Thursday, March 3, 2011

Kindle Reading Strategies

By Dave White

Reading on the Kindle.

Yeah, I've been doing a lot of it lately. Have you?

A few of the things I've realized about it.

I don't skim as much. I think it has to do with not knowing exactly how long a chapter or book is. I see the percentage at the bottom, yes, but I don't have a feel for the weight of the book. I don't like to flip ahead and see how long a chapter is. I just read it. And therefore, if I'm just trying to get a chapter done before bed, I'm less likely to skim.

At the same time, I read faster. Not sure why. I read the book with more clarity. I don't rush, but my eyes cross the page much much quicker. I've heard other people say this as well. Any thoughts on why?

On the other hand, I'm not drawn to reading as much. I love to read and when I do read on the Kindle, I read for long stretches at a time. But if my Kindle is on the shelf or put away, I'm not drawn to it. With hardcopy books, I'm more likely to have it within arms reach. Just the way I organize, I suppose.

What are your thoughts on the experience of e-book reading vs. hardcopy reading?

PS: Sorry for the short post this week. Been a long week.


Dana King said...

Similar to yours. I don't skim, though I don't skim a lot when reading paper books.

I read about half and half, Kindle and paper, so I don;t have a good feel yet for the "out of sight, out of mind" comment, but I think it's probably there. It might be because I'm careful about where I lay the Kindle down; it's real hard to break a paper-bound book.

The cover isn't always staring at you when you walk past, either. I just finished reading GENERATION KILL, and every time I walked past wherever it happened to be, I wanted to pick it up. (And usually did.)The Kindle is always the Kindle, nothing about it reminds you of what you're currently reading, except yourself.

Still, I'm not giving it back.

John McFetridge said...

I just read Stewart O'Nan's Last Night at the Lobster on my iPad (Kindle app) and it's a bit of a different experience because I also use the iPad for checking email, reading newspapers and watching sports highlights.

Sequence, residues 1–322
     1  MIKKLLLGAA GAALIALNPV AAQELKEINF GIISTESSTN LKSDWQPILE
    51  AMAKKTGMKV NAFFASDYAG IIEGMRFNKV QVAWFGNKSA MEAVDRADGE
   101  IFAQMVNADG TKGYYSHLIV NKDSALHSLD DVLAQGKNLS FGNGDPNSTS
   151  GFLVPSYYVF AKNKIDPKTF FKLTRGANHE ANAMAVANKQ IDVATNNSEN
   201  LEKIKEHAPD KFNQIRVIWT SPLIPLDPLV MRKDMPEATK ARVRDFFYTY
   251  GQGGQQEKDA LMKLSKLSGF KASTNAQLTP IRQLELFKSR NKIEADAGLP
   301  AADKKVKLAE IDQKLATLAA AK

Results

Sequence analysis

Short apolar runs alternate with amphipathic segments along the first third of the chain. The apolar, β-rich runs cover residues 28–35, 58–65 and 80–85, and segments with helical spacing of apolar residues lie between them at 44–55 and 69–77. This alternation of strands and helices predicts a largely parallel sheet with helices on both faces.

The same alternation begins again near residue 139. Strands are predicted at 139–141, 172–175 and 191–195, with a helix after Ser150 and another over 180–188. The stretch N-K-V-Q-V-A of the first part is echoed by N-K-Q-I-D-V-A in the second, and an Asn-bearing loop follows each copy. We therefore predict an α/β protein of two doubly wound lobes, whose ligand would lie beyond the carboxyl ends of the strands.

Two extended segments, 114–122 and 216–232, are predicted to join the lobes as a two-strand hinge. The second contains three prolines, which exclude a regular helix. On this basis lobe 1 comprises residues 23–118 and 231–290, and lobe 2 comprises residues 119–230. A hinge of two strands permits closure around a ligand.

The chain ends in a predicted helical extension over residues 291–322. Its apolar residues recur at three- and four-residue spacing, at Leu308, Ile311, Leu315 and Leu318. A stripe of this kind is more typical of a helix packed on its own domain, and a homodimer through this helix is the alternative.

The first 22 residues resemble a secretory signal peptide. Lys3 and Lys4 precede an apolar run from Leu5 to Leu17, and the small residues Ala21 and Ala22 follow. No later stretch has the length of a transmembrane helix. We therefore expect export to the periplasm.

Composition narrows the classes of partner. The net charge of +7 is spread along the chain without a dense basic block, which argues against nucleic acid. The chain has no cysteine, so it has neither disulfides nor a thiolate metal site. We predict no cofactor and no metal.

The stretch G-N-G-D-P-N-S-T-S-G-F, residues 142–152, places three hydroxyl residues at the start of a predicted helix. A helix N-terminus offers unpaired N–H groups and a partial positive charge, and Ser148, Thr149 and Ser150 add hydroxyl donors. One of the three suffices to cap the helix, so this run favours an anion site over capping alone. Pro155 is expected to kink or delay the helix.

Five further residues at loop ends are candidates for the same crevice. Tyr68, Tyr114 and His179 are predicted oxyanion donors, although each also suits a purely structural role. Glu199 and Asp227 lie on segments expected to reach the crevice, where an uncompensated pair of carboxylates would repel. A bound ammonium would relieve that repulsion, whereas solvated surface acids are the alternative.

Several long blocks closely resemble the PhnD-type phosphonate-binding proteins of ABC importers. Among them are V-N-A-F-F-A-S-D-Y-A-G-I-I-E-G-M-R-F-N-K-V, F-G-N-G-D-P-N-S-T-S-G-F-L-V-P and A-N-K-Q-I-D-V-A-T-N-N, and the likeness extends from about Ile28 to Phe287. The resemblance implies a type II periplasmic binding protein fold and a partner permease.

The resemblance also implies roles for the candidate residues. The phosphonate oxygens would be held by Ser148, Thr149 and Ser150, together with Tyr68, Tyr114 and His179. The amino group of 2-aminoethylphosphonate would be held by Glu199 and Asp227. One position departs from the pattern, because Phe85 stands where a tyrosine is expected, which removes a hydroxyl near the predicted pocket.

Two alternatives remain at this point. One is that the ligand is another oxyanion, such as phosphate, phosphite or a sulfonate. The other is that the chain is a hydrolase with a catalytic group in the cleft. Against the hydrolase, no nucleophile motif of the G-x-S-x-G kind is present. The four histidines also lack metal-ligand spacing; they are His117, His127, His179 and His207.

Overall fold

So, more often than I expected, I open up the book I'm reading if I have five minutes free and read a bit. That's not something I did very often before, usually I felt I needed a big chunk of reading time to pick up a book.

Still, I'm thinking about getting a dedicated e-ink reader.

Al Tucher said...

I have done a little reading on the Kindle for PC app, and that was the first thing I noticed--I had no idea how long the story was. I felt less like a regular commuter and more like an ancient Polynesian migrant wondering how long he was going to have to paddle.

(If that comparison isn't a little too pretentious!)

Diana said...

I don't have a kindle, but I might have some insight into why you read faster and with better clarity on the kindle. Years ago I attempted to homeschool my son. What I learned from doing that is that each person has an affinity for how they take in information. If you take the same chunk of information and put it on paper, on a computer screen, in an audiofile, or on videotape, then a person will get the information faster and with better understanding from one or two of those formats over the others. Even though my son does read novels, information on paper is the worst way to convey information to him. He prefers information coming from a computer screen.

So my guess is that you have a stronger affinity for words on a computer screen than you do for words on paper. Which makes sense. If you didn't have a strong affinity for words on a computer screen, then you wouldn't have bought a kindle. :)

Sean Patrick Reardon said...

I have the nook and love it. It's easy to carry around and strangely enough, one of the best things about it is that I don't have to hold open pages, which after using the nook, is a real pain in ass when reading a hardcover or paperack. The prices and easy access to titles can't be beat. I think some authors still need a realty check when pricing their e-books as well.

Chris Rhatigan said...

I don't have a Kindle, but I'm seriously considering getting one. I use the Kindle for PC program which I like.

I've heard that people read faster on Kindle than on the page before (I believe Doc Noir mentioned this). That would be huge for me--I'm kind of a slow reader.

Spencer said...

I have a blog/reading log that I keep ( I usually post whether I've read a book on the kindle or not. Every time i read a book on the kindle i love it. Reading on the kindle is the best reading experience (for me) period.

Ipad for kindle app is OK, but much harder on the eyes IMO.